Commentary

GOP boss’s bribery-related conviction draws only a slap on the wrist

Robin Hayes

When former North Carolina House Speaker Jim Black was convicted of taking money from a special interest group in exchange for legislative favors in 2007, prosecutors threw the book at him. Despite having taken what, in the big picture of modern politics, amounts to relatively modest amounts of money and ultimately having cooperated with prosecutors, Black was sentenced to and served a long stint in federal prison.

Black’s treatment stands in stark contrast to the treatment accorded former congressman, state representative, state Republican Party Chairman and multi-millionaire textile heir Robin Hayes this week. Prosecutors have recommended that Hayes, who was charged with multiple crimes related to the attempted big dollar bribery of state Insurance Commissioner Mike Causey and ended up pleading guilty to lying to the FBI, serve no time in jail at all.

As WBTV reported late yesterday:

“When recruited in 2018 to help funnel some $2 million in bribes to Insurance Commissioner Mike Causey, Robin Hayes said he was ‘more than happy to help,’ a new court document shows.

While Hayes, as state Republican Party chairman, raised concerns about the size of an illegal $250,000 campaign donation he had been asked to direct through the GOP to Causey, he nevertheless told his co-conspirators, ‘I’ll get ‘er done.’

On Monday, a filing by the U.S. Attorney’s Office in Charlotte recommended to Hayes’ judge on how much prison time the former 11-term congressman should serve.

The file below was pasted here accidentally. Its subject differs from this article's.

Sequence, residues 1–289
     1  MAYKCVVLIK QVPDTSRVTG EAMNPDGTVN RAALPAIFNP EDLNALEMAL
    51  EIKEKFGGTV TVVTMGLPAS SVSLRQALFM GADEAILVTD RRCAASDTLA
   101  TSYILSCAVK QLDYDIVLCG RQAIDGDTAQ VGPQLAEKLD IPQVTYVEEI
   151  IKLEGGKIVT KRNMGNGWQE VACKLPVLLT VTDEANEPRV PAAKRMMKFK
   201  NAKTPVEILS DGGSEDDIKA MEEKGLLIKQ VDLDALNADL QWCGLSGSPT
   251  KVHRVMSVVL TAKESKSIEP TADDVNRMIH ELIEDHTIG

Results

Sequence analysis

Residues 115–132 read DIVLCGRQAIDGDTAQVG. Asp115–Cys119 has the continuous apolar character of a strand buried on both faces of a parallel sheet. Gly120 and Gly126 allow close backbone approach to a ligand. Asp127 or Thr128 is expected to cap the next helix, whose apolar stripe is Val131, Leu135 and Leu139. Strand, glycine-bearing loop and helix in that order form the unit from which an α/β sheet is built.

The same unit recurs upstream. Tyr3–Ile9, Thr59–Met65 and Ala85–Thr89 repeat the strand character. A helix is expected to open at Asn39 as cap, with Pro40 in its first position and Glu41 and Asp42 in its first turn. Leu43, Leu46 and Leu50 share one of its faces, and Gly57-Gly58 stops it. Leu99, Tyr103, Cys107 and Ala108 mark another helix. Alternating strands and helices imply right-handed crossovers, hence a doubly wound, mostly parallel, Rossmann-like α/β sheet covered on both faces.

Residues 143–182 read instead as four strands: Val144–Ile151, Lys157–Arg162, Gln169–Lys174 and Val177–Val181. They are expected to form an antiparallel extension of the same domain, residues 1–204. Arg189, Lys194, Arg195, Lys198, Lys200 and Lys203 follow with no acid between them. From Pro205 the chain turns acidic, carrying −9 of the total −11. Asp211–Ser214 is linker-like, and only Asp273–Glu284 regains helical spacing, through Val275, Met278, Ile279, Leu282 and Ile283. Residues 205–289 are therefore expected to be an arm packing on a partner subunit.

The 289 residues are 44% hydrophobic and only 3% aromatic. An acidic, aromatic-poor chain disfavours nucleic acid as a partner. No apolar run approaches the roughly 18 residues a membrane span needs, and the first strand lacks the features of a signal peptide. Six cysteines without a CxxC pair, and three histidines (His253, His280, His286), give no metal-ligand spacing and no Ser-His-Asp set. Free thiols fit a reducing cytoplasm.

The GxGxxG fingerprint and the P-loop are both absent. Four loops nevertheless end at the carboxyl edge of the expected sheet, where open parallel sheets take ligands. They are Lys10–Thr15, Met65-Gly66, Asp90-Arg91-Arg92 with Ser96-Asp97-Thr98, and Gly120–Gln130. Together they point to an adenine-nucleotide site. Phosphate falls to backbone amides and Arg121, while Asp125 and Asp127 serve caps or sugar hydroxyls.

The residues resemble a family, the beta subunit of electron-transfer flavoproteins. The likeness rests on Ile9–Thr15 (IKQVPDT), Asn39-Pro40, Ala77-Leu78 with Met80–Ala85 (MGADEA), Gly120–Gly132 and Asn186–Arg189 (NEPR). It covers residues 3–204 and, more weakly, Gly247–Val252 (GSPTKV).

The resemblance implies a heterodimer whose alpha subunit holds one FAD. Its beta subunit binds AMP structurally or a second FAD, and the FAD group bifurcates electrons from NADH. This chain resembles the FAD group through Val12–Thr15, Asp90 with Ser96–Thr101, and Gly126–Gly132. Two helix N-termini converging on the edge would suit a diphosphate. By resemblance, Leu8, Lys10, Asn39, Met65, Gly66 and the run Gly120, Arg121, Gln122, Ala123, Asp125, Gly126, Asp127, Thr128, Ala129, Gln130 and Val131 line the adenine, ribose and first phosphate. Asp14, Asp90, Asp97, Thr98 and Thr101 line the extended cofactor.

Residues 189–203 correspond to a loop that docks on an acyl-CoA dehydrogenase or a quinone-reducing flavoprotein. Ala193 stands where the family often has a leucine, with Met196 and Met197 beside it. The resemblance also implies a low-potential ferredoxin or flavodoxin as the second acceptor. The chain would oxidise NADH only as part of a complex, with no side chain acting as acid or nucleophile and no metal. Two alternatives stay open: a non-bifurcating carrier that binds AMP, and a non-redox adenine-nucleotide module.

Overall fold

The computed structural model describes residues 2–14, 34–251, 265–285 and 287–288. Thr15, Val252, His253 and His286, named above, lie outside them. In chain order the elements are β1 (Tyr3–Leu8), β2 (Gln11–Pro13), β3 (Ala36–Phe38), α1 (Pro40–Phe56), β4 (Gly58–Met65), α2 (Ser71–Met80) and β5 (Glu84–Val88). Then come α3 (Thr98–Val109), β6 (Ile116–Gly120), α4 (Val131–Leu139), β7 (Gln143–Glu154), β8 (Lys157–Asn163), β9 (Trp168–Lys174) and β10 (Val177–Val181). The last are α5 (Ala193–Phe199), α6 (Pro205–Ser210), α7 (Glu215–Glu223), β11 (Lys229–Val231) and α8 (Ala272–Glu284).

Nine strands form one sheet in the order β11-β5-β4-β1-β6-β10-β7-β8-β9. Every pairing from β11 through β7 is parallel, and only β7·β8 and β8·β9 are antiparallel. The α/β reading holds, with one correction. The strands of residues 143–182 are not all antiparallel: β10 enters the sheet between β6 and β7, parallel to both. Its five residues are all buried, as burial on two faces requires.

That number would be zero.”

Despite spelling out in great detail the scope of Hayes’ misdeeds, prosecutors have decided to go along with the recommendation of Hayes’ lawyers that he receive a sentence of probation only.

This recommendation seems pretty darned lenient. Yes, Hayes is getting older – he’ll be 75 on Friday – and it’s true that he’s endured public humiliation. It’s also true that he’s unlikely to be much of a threat to society, that he apparently cooperated in helping to secure the convictions of the men behind the scam and that prison is one hell of a dangerous place to send anyone during the era of the coronavirus pandemic.

All that said, it’s also true that participating in and lying repeatedly about a bribery scheme involving hundreds of thousands of dollars is serious business and something that ought to receive more than a slap on the wrist — especially if we hope to send a message to future would be politicos on the make. It will be interesting to see if Judge Max Cogburn (with whom the final decision in the matter rests) goes along with the recommendations or imposes at least some kind of symbolic punishment

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